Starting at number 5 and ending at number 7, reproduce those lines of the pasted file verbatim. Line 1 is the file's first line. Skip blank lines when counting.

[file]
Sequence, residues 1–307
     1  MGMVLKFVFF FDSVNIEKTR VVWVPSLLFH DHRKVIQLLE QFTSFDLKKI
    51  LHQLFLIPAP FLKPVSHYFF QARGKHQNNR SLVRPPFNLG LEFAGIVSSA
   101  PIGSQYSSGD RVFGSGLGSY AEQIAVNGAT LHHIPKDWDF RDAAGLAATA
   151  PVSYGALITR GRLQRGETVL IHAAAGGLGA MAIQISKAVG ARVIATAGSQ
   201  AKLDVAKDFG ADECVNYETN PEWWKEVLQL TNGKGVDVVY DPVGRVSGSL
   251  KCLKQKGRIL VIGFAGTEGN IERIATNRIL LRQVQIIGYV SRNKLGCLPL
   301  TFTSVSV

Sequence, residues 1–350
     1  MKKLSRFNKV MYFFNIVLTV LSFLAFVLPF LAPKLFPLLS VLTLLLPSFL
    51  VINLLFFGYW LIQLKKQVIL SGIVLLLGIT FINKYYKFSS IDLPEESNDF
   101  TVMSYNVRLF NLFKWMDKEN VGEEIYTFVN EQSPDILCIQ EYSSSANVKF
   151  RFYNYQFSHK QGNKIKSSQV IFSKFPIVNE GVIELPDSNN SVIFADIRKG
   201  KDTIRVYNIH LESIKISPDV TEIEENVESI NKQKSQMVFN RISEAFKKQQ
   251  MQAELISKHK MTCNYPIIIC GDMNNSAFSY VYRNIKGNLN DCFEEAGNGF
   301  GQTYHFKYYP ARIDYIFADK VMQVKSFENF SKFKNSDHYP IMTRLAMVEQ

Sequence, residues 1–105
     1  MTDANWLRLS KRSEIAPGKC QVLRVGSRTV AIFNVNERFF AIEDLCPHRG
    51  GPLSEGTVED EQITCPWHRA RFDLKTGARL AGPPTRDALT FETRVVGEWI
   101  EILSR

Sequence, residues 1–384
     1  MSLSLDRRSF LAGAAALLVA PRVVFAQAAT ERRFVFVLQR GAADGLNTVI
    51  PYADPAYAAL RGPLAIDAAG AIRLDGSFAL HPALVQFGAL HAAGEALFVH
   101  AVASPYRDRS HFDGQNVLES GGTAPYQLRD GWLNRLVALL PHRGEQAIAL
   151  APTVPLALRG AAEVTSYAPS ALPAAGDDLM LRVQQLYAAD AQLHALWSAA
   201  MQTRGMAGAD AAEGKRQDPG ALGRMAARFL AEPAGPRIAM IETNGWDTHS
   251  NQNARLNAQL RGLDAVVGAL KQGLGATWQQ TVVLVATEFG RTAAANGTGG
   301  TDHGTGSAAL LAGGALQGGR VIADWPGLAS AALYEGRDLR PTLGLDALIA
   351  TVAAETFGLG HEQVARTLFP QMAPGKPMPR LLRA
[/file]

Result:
   151  PVSYGALITR GRLQRGETVL IHAAAGGLGA MAIQISKAVG ARVIATAGSQ
   201  AKLDVAKDFG ADECVNYETN PEWWKEVLQL TNGKGVDVVY DPVGRVSGSL
   251  KCLKQKGRIL VIGFAGTEGN IERIATNRIL LRQVQIIGYV SRNKLGCLPL